Natural animals display awe-inspiring adaptability and robustness (e.g. three-legged dogs that can still run and catch frisbees). One reason neuroscientists believe animals are so capable is because their brains are structurally organized in that they exhibit neural regularity, modularity, and hierarchy. This project will test whether those neural properties also improve the robustness, adaptability, and overall intelligence of evolved computational agents, specifically robots. Evolutionary algorithms (EAs) evolve, rather than engineer, computational agents to produce qualities seen in nature, such as robustness and adaptability. While EAs often outperform human engineers, the robot bodies and brains they design pale in comparison to those of natural animals. Recent advances by the PI (Professor Clune) and others enable the evolution of neural networks (computational brains) that exhibit regularity, modularity, and hierarchy.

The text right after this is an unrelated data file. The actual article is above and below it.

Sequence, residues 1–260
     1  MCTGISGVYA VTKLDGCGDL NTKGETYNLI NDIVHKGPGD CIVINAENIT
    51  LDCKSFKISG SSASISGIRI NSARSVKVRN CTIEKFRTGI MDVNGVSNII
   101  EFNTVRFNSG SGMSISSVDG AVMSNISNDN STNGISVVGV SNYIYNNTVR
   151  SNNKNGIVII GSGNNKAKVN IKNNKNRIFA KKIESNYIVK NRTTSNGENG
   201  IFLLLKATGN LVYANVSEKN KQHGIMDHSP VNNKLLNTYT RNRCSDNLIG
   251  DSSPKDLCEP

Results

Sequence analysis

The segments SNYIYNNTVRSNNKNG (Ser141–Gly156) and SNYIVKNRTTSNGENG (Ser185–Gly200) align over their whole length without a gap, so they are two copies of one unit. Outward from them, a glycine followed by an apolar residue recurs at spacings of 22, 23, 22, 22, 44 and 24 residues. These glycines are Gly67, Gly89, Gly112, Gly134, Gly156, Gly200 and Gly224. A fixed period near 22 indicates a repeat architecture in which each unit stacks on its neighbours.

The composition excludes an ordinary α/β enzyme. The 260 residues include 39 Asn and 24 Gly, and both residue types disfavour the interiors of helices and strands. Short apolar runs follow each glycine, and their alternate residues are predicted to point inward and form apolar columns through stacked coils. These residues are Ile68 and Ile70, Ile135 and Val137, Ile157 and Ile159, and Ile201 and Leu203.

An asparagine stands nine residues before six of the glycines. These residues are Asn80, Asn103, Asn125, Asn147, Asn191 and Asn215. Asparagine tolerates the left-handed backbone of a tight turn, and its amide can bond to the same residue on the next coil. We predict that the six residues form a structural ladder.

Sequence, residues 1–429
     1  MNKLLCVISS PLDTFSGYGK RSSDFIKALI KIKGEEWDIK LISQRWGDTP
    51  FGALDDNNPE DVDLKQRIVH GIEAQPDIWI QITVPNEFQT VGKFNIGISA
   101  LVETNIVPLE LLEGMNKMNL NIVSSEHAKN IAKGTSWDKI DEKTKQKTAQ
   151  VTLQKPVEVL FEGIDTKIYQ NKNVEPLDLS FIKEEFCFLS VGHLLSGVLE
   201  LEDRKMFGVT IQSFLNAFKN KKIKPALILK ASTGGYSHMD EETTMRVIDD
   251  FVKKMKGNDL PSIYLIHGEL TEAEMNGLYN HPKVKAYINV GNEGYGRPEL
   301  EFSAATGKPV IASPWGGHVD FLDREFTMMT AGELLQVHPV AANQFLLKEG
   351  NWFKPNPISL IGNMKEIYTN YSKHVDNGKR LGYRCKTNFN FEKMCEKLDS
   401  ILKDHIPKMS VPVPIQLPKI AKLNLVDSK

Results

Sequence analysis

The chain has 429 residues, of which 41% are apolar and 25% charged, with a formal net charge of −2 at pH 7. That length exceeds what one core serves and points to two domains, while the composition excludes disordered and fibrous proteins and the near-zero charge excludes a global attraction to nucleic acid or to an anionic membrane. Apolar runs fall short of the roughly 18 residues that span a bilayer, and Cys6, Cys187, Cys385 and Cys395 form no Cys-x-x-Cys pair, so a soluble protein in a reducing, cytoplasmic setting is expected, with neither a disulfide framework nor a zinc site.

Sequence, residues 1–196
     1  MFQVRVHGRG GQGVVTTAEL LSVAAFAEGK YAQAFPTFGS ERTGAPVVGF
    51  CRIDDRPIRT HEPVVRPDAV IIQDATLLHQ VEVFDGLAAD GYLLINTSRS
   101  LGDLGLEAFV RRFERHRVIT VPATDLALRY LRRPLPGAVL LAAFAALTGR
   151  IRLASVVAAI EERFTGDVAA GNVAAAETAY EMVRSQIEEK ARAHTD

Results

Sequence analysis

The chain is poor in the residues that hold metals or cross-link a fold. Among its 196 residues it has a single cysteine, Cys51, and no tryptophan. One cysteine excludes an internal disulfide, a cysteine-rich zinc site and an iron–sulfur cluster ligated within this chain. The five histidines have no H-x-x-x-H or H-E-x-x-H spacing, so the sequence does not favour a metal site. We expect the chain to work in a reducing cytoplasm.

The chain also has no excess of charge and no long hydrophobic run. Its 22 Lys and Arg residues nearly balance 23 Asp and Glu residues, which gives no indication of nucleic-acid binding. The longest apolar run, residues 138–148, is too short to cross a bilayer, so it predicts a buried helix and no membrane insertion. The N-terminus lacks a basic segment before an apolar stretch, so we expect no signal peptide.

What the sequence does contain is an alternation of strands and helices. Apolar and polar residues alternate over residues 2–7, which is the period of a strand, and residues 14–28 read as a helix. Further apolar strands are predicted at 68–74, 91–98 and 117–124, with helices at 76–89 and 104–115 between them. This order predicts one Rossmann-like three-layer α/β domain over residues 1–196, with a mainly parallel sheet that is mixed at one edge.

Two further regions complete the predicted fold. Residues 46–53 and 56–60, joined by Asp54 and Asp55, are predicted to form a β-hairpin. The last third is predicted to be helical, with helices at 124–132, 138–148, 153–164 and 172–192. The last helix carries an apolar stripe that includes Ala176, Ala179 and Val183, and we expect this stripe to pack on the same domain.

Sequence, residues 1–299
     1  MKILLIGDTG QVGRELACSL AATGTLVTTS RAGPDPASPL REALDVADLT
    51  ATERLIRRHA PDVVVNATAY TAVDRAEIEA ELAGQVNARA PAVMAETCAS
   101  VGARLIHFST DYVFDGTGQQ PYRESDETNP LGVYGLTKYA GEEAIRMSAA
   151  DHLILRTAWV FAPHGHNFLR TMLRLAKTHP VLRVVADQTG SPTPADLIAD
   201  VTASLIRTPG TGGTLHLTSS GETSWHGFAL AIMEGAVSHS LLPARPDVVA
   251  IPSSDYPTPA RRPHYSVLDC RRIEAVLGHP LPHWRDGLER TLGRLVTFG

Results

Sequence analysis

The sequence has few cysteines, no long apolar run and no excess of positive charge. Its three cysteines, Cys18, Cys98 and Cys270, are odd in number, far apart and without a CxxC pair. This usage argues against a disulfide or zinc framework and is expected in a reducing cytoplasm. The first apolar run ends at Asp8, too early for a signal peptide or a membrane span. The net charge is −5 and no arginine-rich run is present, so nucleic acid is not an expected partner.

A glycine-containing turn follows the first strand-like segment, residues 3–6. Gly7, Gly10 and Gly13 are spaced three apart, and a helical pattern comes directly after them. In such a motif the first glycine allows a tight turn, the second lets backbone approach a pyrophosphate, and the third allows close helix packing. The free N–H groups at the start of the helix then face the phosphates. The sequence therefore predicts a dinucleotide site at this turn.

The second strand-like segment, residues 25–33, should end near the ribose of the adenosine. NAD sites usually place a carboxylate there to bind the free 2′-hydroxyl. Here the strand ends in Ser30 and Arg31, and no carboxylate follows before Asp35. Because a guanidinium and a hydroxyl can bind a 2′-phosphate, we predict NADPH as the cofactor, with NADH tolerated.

Professor Clune and his students will test whether regularity, modularity, and hierarchy, separately and in combination, improve (1) robustness to noise (2) robustness to damage (3) adaptability to new environments (4) learning, and (5) overall intelligence, measured as the ability to solve challenges of varying complexities. Based on his previous work and preliminary results, Clune anticipates that neural regularity, modularity, and hierarchy could increase all of these desirable behavioral qualities. Such knowledge will accelerate humanity's ability to deploy effective, autonomous robots, which will provide tremendous benefits to society (e.g. search and rescue, putting out fires, and elderly care). The research is woven into a tightly integrated educational plan that generates broader impacts via a robotics club in Laramie, a research-oriented course in evolutionary robotics, public education via videos and the press, and broadening participation in graduate training.